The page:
Make sure to join us tomorrow as we take to the skies with Royal Jordanian, flying three aboard its Crown Class business cabin on three different flights. Don’t miss it!

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Disclosure: We paid for our tickets.

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Lufthansa and Air China Strengthen Partnership

By Jack Harty / Published July 7, 2014

Lufthansa and Air China signed a memorandum of understanding to enhance their commercial partnership as part of a joint venture in Beijing this morning.

During a state visit, German Chancellor Dr. Angela Merkel, Carsten Spohr, the Chairman of the Executive Board and CEO of Deutsche Lufthansa AG, and Mr. Song Zhiyong, President and Executive Director of Air China Limited, met to sign the deal.

Although Lufthansa and Air China have been connected as members of the Star Alliance, the companies expect this new arrangment to pave the way for the creation of a commercial joint venture and to add to the existing joint ventures with United Airlines and with Air Canada between Europe and North America (since 1998) and with ANA (since 2012) on routes between Europe and Japan.

In a press release, Lufthansa said “the new partnership agreement should come into force as early as the start of the winter flight timetable in late October 2014.”

“We are delighted that, together with Air China, we will be able to offer our customers, particularly those in Europe and China, even better flight connections and services in the future”, said Carsten Spohr at the signing of the memorandum of understanding on 7 July in Beijing. “Thanks to strategic partnerships with leading airlines, the Lufthansa Group airlines now connect the world’s four largest economies even better.”

The new joint venture will offer customers of both airlines a more varied product range and one that can be combined more flexibly. Plus, there will be additional travel options and flight connections, and there will collaboration in the area of maintenance, repair and overhaul services.

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PSA To Begin Flying the CRJ-900 On July 31 For American

By Jack Harty / Published July 5, 2014

Last month, American Airlines took delivery of its first of thirty CRJ-900 NextGens from Bombardier which will be operated by American Airlines Group’s wholly owned subsidiary, PSA Airlines. The airlines expects to be operating all 30 CRJ-900s by June 2015, and it will begin flying passenger flights on July 31.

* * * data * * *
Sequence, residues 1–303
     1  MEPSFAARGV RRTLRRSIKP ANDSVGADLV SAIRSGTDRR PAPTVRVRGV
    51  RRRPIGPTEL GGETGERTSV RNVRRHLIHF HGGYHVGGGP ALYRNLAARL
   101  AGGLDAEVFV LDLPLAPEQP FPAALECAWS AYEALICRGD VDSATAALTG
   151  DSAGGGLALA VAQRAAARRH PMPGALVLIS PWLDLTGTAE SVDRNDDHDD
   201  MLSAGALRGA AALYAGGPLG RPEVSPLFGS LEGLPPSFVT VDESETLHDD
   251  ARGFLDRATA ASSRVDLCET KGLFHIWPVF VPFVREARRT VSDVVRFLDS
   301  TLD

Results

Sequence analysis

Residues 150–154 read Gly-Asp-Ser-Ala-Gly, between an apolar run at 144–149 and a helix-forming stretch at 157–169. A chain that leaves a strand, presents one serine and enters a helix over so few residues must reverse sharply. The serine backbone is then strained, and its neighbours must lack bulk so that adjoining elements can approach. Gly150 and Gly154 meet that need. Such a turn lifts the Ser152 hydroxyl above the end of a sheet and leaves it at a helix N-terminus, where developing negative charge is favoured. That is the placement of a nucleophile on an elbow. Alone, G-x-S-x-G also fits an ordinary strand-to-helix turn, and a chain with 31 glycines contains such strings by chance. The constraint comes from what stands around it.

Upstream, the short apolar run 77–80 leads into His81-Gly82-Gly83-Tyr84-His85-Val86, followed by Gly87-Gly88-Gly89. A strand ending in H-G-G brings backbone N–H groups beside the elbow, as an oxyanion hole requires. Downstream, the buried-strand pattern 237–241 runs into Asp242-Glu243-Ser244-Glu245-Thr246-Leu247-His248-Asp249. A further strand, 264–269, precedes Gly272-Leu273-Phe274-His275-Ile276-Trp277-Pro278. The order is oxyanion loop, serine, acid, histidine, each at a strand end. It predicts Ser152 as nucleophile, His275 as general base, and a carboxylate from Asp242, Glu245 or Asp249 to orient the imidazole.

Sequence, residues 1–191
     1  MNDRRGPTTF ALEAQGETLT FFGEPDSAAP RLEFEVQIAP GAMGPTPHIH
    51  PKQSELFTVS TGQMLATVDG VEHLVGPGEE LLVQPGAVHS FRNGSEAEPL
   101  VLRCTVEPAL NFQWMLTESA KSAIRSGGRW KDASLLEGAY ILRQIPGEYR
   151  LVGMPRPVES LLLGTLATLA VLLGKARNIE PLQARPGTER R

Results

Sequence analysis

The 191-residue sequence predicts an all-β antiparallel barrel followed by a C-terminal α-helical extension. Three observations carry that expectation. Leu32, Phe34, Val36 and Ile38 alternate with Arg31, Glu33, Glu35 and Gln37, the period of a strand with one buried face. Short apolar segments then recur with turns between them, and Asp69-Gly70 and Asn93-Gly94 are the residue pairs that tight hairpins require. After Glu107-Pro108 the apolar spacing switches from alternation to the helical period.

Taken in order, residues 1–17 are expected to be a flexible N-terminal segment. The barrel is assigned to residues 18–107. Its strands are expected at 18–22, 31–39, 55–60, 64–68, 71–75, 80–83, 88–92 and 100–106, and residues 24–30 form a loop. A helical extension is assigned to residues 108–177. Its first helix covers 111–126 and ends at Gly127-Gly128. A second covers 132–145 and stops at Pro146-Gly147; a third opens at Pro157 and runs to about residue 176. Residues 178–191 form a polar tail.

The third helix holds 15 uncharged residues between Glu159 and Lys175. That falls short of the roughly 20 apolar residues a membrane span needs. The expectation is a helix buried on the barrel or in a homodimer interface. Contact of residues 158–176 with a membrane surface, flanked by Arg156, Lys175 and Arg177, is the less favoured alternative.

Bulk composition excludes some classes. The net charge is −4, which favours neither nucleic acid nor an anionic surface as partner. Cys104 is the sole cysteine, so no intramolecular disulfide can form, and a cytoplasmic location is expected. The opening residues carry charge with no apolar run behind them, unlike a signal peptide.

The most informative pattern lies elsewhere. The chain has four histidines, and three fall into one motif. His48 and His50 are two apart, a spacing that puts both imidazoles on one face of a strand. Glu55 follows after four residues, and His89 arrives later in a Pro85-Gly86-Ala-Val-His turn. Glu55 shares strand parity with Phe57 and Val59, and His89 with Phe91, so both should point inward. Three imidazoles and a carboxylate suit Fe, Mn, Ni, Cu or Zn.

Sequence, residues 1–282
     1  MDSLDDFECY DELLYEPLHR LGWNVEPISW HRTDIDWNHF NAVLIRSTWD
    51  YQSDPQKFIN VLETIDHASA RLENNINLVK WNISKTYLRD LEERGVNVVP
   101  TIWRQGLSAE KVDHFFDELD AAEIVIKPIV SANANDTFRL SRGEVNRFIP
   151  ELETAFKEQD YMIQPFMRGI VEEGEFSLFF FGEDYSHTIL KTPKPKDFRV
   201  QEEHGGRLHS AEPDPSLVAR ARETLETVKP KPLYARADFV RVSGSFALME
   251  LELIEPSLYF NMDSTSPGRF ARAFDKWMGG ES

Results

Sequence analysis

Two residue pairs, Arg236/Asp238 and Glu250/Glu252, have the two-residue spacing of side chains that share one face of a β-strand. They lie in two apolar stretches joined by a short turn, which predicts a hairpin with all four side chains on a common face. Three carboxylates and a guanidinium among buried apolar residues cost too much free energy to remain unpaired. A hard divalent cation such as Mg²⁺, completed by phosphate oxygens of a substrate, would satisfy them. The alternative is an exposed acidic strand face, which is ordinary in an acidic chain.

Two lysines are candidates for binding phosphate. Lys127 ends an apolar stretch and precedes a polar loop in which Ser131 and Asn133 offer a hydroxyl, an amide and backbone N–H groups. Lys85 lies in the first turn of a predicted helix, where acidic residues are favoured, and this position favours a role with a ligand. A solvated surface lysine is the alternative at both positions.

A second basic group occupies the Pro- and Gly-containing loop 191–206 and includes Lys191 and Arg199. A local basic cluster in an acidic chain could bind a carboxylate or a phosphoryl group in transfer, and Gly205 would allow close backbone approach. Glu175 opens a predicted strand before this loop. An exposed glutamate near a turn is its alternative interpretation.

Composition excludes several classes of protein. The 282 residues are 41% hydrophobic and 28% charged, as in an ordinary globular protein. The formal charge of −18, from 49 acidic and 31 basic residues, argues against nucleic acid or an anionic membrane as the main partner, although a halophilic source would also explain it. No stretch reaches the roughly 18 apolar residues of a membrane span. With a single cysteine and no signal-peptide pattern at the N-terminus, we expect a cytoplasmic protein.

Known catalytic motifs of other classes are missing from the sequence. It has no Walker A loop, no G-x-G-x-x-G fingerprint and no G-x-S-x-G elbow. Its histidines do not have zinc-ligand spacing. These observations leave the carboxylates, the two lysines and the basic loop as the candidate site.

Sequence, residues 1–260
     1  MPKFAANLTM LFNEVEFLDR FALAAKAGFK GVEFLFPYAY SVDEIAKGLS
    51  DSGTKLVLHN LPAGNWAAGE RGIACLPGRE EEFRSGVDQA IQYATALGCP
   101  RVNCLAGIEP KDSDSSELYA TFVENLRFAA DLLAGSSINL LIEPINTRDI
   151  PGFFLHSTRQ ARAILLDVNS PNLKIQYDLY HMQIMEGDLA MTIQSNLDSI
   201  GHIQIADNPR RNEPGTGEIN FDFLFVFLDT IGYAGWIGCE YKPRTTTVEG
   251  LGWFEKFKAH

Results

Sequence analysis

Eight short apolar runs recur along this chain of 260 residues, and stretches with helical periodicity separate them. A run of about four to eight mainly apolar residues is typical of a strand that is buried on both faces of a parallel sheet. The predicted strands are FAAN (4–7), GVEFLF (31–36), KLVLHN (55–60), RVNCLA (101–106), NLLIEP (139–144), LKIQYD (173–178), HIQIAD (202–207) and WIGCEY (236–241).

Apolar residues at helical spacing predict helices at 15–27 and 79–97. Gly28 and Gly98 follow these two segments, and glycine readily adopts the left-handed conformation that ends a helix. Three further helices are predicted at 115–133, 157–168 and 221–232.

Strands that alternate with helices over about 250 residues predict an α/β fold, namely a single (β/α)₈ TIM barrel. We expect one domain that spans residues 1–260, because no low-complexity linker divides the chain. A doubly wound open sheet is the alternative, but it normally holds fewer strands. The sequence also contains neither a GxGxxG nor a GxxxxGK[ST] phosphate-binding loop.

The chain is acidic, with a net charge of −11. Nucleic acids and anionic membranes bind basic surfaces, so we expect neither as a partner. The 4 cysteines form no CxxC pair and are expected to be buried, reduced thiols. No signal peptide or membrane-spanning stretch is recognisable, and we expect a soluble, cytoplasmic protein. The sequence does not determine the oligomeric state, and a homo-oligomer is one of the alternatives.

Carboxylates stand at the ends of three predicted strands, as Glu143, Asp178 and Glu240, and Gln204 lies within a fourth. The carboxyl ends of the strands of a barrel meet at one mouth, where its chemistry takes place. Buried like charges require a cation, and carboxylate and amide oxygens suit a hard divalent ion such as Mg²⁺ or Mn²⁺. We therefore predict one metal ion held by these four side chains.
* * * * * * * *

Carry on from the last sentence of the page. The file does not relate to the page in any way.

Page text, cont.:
In December, American signed an agreement for 60 Embraer E175 jets with options for another 90 E175s, as well as a firm order for 30 Bombardier CRJ900 regional jets with options for 40 more aircraft, making it the first customer of what Bombardier calls the “latest enhancements” to the CRJ900.

The Aircraft

The CRJ-900s boast many creature comforts ranging from extra legroom to WiFi.

The aircraft offers up to two inches of extra leg room in each row of seats when compared to other regional airlines. There are 12 first-class seats have a pitch of 39 inches, 36 “main cabin extra” seats with a pitch of 35 inches, and 28 main cabin seats with a 31 inch pitch.

The aircraft also has a concave window design maximizes natural light and contributes to a sense of more space, and there are new sidewall and ceiling LED lights to create softer illumination. Plus, the aircraft has up to 5.5 percent lower fuel consumption thanks to features like winglets, weight reduction and a conic-shaped exhaust nozzle

Currently, Mesa Airlines operates the CRJ-900 under the US Airways Express brand.

Initial Operations

The initial routes are outlined below, and more flights will be added as the carrier continues to take delivery of them.

Monday through Friday:

Pensacola-Charlotte-Cincinnati-Charlotte-Myrtle Beach-Charlotte-Louisville-Charlotte-Cincinnati



Pensacola-Charlotte-Philadelphia-New York LaGuardia-Philadelphia-Cincinnati

Cincinnati-Charlotte-Little Rock-Charlotte-Pensacola-Charlotte-Harrisburg



Harrisburg-Charlotte-Savannah-Charlotte-San Antonio-Charlotte-Cincinnati


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TGIF: Thank-Goodness It’s Flyday Week-End Wrap Up: July 4th Edition

By Jack Harty / Published July 4, 2014

Thank-goodness it’s Flyday…err Friday, everyone, and Happy Fourth of July! In this week’s edition Virgin America wins best domestic airline (again), analysts tell JetBlue and United that they should swap planes, American and US Airways move closer in Chicago, the first Boeing 787-9 Dreamliner was delivered, and more…

Best Domestic Airline: For the seventh consecutive year in a row, Travel + Leisure’s

Photo by Sam Wozniak / Airchive

Photo by Sam Wozniak / Airchive

readers have named Virgin America the best domestic airline in its annual World’s Best Awards.

“Winning this award is one of the highest honors in our industry,” said David Cush, Virgin America’s president and CEO. “It reflects the opinions of some of the world’s most discerning travelers and shows that seven years after our launch as a new carrier we’re continuing to deliver on our promise of creating a different kind of domestic airline: one that offers both the best customer experience in the skies and the best value.”

The other top US domestic airlines that made the top five were JetBlue Airways, Hawaiian Airlines, Southwest Airlines, and Alaska Airlines.

The top five international airlines based on the Travel + Leisure survey were Singapore Airlines, Emirates Airlines, Cathay Pacific Airways, Virgin Atlantic Airways, and Asiana Airways.

Analyst Recommends JetBlue and United Swap Planes: Wolfe Research’s

The 8000th 737 takes to the skies for the second time, on April 9th. Photo by Jeremy Dwyer-Lindgren / Airchive